Firstly, let’s look at evaluation. I always encouraged my students to divide their considerations under five headings:
- The Product: Whether an artefact in the traditional sense of an item made out of resistant materials; a piece of music, whether written or performed; a dance routine or an essay, all are products. Each one of these can be reflected upon by their creator as to whether, in their opinion, the product does the job for which it was intended.
- The Process: One can describe and reflect upon the methods used, whether new skills had to be learnt and what other knowledge or skills were acquired along the way and how they acquired them.
- The Person: Often ignored in ‘evaluation’ but the benefits to the person, the trials or experiences that enabled the person grow and feel satisfaction or the motivation to go on further need to be documented.
- The Problems: If a learner is to progress, then they should be aware of the problems experienced, how they were overcome and what possible problems have still to be addressed.
- The Potential: Nothing should be done just on the blind expectation of another, whether it be a teacher or an examination board. When we create something in which we obviously take pride, there is invariably a sense of ‘What next?’ Where can I sell this product? Is there a potential for bulk manufacture? Can I reach a wider audience? Can it be modified or developed further?
Visual evidence, artefacts stored ‘just in case I might need them’ add so much to recall and reflection that memory fails to bring to mind. So often when I look at a picture it evokes smells and even kinaesthetic experiences long forgotten - and if ‘a picture is worth a thousand words’ how much more a SlideShare or a video? Not only does the visual evidence evoke past memories, it can also suggest comparisons with the present piece of work and therefore extend reflection.
Historicity adds a perspective that can only be understood by comparing one’s efforts of several years ago with a present piece of work. Dr Helen Barrett writes of the e-Portfolio as being a record of one’s life-story. This again can only be true if the e-Portfolio is allowed to be that shoebox repository of personal treasures. But the understanding of progress or change is more than plain fact. There is an emotional element of possibly surprise or satisfaction which reinforces reflection. “When I was a child, I talked like a child, I thought like a child, I reasoned like a child. When I became a man, I put childish ways behind me.” (1Corinthians 13:11) The reflections of a student, even over a few years of study, when using their collection of rich media can have a powerful sense usually of progression. Of course, when submitting such evidences, the students must be careful to properly explain their context and the purpose of using such ‘evidences’ in their reflections.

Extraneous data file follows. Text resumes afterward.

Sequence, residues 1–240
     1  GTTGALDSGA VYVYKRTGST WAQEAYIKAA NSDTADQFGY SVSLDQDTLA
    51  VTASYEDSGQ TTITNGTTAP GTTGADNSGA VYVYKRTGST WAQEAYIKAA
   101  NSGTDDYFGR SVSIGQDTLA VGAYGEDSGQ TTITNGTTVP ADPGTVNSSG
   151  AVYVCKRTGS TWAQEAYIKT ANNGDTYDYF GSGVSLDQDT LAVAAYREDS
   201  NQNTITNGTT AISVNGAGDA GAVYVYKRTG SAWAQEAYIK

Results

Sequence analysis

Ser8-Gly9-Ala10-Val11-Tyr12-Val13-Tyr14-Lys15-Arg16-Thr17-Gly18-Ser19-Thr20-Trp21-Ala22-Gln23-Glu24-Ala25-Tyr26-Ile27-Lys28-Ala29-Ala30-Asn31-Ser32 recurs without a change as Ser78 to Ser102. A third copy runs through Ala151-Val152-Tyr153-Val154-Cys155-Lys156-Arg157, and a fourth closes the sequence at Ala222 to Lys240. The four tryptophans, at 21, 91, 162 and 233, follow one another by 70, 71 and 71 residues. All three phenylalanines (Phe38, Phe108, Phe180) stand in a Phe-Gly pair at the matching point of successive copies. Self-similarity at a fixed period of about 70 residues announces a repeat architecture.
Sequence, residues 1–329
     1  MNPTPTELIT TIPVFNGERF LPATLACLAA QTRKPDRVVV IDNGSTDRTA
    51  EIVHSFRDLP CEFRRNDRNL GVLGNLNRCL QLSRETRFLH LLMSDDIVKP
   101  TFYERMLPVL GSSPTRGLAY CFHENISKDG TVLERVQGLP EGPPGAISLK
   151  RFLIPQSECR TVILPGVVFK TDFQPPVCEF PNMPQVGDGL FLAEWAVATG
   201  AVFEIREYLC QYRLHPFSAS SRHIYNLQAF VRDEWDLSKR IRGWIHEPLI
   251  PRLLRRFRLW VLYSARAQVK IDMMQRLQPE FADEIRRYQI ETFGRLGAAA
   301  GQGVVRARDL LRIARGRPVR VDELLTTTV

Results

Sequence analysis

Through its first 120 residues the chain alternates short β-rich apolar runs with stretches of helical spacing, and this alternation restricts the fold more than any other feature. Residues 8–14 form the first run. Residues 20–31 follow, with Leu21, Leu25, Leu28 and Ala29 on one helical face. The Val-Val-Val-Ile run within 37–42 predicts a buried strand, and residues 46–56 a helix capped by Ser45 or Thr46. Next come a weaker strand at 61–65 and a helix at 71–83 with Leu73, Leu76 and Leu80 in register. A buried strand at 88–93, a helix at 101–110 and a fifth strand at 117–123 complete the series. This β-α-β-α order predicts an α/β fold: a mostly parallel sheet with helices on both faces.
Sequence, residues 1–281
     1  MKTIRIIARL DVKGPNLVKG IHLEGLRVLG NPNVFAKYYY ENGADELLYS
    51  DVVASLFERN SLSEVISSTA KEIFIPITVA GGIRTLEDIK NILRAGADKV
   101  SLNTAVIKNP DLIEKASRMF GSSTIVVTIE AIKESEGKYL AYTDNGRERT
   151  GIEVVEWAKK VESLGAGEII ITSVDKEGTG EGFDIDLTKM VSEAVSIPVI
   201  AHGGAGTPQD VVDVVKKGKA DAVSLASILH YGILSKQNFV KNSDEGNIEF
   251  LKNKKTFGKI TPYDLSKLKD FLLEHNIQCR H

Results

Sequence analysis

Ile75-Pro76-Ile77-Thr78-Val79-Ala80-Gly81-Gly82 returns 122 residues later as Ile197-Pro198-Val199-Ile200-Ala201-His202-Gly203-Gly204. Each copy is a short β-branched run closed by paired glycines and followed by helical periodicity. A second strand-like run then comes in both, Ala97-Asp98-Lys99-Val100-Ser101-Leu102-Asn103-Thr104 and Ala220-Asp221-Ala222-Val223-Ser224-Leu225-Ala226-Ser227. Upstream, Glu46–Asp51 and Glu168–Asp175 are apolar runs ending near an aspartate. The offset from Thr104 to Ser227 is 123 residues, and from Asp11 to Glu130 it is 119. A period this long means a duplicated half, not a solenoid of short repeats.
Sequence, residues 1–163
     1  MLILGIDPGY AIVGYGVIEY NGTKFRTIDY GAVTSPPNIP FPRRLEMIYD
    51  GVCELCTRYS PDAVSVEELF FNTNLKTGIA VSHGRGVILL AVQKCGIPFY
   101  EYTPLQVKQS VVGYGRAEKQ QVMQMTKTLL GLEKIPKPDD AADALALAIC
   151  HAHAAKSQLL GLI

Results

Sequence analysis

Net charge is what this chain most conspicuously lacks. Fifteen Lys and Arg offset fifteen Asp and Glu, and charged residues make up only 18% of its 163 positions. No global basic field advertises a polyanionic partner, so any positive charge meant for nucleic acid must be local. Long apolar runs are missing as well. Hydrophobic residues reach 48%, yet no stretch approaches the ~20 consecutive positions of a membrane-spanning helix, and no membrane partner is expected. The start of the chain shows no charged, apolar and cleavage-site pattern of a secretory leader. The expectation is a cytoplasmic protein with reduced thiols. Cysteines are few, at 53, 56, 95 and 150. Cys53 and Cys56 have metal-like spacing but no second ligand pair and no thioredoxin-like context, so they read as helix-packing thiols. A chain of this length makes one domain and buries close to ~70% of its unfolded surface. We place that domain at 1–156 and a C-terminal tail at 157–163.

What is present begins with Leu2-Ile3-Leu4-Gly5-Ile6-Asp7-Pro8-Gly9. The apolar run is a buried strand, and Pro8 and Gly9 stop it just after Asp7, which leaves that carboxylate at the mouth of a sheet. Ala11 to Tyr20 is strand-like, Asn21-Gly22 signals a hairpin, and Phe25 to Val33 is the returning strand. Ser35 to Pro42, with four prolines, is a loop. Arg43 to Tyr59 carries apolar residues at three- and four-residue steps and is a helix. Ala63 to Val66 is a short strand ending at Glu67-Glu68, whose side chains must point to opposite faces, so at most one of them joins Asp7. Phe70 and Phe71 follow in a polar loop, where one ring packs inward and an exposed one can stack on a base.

The above examples can all be thought of as introspection. However, the e-Portfolio has the powerful facility of supporting collaboration and e-secure conversations that can be recorded and used ‘in evidence’. For instance, the formative assessments or suggestions of a tutor can be built upon and, in reflection, one can say how they responded to suggestions or criticisms, and whether they chose to build upon the ideas given or chose to reject them, preferably with good reasoning explained.
Similarly, the group collaborative conversations can be reflected upon, quotes extracted and discussed within one’s own reflections. I have encouraged this approach in many situations, primarily explaining it as the synergy of ‘2 + 2 = 5’. ie that in building upon each other’s ideas we can develop a much better understanding than what we could generate by our ourselves.
However, the e-Portfolio tool should also be capable of inviting feedback on any page. Similarly, polls, star-ratings, comments or even questionnaires can easily be presented to provoke feedback from peers, mentors or other readers.
Simon Grant in his book 'Electronic Portfolios' provides a good definition in his Glossary:
"Reflection could be simply defined as the bringing to mind of some past experience or event, with the intention or the result of learning something from it. This contrasts with mere reminiscience, which people can do again and again without learning anything new. Reflection is connected deeply with portfolios, as a portfolio can act as the record of the experience or event, and can act both as a prompt for reflection and as a factor towards the accuracy of later recollection."
Earlier in his book (p50) he writes:
"Expressions, assertions and claims do not necessarily describe anything, and are not in their essence descriptions... Their function in relation to the rest of the world is by pointing to the connections in the world, rather than mere existence...`
Unsubstantiated reflection is thus a possibly useless activity. However, by using an e-Portfolio to both present a project and also substantiate reflective argument with evidences is, in my opinion and experience, the only true and effective method in this web2.0 world. How I envy today’s young students!